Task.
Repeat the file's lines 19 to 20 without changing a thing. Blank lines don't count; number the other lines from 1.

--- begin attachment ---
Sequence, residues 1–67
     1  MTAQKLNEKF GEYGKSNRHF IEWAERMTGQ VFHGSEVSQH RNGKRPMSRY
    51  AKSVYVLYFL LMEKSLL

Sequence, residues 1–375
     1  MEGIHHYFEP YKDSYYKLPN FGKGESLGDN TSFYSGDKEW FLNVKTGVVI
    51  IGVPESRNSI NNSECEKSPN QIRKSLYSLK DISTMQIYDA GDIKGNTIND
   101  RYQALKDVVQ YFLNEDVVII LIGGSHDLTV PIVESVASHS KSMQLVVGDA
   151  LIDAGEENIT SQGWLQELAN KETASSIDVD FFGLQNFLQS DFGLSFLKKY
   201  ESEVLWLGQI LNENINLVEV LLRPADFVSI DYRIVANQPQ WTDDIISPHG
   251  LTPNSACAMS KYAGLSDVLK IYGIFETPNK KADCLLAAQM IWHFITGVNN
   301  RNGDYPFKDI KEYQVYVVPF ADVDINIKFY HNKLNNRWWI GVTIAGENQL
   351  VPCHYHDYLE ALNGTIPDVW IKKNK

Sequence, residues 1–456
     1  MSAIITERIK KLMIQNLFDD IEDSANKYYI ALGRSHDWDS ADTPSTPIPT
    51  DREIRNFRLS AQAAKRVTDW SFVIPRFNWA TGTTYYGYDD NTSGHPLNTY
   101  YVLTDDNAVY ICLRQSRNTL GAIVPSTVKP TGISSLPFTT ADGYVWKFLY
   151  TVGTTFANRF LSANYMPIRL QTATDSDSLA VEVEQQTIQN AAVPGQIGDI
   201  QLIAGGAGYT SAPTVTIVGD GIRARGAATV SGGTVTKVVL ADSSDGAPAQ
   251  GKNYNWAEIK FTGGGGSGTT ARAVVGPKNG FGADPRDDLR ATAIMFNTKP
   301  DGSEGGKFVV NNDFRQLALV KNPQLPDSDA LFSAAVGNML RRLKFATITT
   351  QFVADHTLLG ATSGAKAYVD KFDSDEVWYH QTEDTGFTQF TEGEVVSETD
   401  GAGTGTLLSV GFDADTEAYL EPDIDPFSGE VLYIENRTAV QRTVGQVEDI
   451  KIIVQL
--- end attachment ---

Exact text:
   251  GKNYNWAEIK FTGGGGSGTT ARAVVGPKNG FGADPRDDLR ATAIMFNTKP
   301  DGSEGGKFVV NNDFRQLALV KNPQLPDSDA LFSAAVGNML RRLKFATITT